Topic: College of Fine Arts

April 10, 2009

Instead of spending endless hours buried in traditional college textbooks, some Ball State University students are making their own.

Through the university's Institute for Digital Entertainment and Education (IDEE) students have helped film, edit and produce digital supplements for textbooks as well as educational videos. The initiative promotes development of the critical high-tech skills they need to excel in the workplace and provides them an educational experience wedded to a professional atmosphere, said Rodger Smith, IDEE director.

"In return the student gets not only an education, but also a professional credit for their resume, and important and valuable marketplace contacts," he added. "Ball State gets a portion of the cost of the project back from the vendor. It is a winning situation for the student, for the faculty mentor and for the university."

According to Smith, the projects have yielded results exceeding everyone's expectations. So far, outside partnerships with publishers have generated more than $100,000 for Ball State. That doesn't include future royalties. Based on past successes, IDEE will continue to develop outside partnerships that benefit IDEE students and expand Ball State's contributions to the community.

The range of material produced is quite broad, and the money is just a small part of the cost of providing the experience, Smith said.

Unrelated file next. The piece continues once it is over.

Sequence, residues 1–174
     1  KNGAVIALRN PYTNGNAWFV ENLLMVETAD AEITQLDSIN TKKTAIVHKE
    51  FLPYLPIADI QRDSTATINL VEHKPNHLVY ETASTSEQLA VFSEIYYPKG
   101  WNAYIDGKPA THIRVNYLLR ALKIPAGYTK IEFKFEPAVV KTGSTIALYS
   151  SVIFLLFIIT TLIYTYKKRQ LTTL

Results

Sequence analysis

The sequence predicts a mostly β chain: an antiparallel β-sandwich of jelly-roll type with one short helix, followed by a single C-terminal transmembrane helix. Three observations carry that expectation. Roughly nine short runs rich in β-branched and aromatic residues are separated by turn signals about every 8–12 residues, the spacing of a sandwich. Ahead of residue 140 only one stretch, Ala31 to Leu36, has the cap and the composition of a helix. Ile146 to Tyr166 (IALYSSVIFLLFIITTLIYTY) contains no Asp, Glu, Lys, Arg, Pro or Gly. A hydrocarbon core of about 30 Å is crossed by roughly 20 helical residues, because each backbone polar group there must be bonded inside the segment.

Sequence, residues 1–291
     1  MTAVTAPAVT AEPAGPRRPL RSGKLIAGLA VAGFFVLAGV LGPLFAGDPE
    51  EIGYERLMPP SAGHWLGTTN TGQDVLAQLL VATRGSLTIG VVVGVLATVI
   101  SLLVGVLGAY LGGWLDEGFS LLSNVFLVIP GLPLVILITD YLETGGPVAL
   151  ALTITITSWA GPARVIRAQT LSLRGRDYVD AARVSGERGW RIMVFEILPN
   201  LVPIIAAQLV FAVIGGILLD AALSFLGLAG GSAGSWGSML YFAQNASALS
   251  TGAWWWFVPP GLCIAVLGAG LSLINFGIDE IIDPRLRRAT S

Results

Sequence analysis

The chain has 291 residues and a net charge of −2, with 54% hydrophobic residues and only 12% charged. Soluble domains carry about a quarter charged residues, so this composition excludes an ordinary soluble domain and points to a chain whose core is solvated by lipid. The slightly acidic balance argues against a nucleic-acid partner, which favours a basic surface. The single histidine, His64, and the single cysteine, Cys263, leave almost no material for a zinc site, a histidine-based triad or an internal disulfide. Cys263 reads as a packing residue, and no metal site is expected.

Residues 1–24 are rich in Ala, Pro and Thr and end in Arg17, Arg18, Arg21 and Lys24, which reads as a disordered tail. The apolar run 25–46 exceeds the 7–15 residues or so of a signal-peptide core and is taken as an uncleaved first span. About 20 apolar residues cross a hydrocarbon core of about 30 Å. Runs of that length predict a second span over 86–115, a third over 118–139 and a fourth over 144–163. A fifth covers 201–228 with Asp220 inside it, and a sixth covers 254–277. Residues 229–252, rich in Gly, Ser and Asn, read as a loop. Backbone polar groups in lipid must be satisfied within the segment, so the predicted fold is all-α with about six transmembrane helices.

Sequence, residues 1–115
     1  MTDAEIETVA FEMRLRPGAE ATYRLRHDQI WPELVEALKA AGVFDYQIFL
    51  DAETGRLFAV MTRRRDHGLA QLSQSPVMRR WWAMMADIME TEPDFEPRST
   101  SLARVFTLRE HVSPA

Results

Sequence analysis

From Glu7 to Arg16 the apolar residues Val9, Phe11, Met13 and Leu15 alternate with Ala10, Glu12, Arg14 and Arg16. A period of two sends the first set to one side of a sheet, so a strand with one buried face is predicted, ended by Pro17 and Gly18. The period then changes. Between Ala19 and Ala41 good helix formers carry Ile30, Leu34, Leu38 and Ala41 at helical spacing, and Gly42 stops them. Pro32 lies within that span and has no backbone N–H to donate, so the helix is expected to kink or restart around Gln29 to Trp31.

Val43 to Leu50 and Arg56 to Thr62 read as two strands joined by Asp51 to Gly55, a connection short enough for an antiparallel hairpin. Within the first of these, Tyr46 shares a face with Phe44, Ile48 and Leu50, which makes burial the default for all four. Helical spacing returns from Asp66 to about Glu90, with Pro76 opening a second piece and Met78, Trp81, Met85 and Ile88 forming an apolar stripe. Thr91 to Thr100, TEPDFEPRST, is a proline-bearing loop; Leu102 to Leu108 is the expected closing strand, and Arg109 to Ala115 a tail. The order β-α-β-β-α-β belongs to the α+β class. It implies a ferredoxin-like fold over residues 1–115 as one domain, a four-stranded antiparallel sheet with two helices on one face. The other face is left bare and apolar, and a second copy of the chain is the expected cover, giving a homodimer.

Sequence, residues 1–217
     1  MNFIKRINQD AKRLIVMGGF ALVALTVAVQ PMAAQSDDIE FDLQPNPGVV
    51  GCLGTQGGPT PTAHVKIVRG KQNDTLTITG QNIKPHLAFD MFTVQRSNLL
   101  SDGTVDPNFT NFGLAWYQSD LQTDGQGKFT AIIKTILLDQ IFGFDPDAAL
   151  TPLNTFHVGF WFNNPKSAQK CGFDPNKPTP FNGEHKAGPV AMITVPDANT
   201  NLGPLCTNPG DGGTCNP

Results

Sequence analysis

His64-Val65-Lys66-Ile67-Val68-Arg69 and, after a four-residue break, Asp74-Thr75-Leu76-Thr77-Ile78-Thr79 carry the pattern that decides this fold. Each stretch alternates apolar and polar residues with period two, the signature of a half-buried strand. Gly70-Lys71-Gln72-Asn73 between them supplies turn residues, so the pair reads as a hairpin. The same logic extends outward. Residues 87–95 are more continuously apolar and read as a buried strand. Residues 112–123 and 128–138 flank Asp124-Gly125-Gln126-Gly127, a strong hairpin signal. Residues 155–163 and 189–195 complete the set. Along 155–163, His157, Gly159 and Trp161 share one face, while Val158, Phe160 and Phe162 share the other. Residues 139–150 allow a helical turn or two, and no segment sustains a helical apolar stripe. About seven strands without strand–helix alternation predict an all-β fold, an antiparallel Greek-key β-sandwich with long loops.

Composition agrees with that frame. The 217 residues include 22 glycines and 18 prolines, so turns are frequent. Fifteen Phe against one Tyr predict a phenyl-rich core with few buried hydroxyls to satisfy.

"Revenue is not profit, it is a contribution," he said.

One student team created five educational videos that demonstrate how to apply makeup for stage and for film using various techniques. Another extensive project saw students team up with Indianapolis-based Calamari Productions to produce 26 segments about the juvenile justice system.

"Calamari Productions is the only company with permission granted by the Indiana Supreme Court to film behind the doors of the juvenile justice system, so that experience was certainly one-of-a-kind," said Smith who also had a student coordinate hundreds of interviews for the creation of dozens of videos augmenting a psychology textbook.

The projects allow students to hone technology skills while getting a glimpse into various professions. In some cases it allows them to sense how they might fit into their chosen fields and learn the language of a particular work place. They are comfortable in the job interview and they know what to expect, Smith said.

"I've learned as much about child development and criminal justice as I have about editing from my work on educational videos," said student Jake Milliner, a senior majoring in telecommunications. "I've also learned that video is a powerful tool for teachers."

IDEE is administered by Ball State's Center for Media Design (CMD) and is part of the $20 million Digital Exchange initiative funded by Lilly Endowment Inc. to enhance the university's innovative, immersive and educational experiences for students in digital technology. CMD also oversees the Institute for Digital Intermedia Arts and Animation, and the Institute for Digital Fabrication.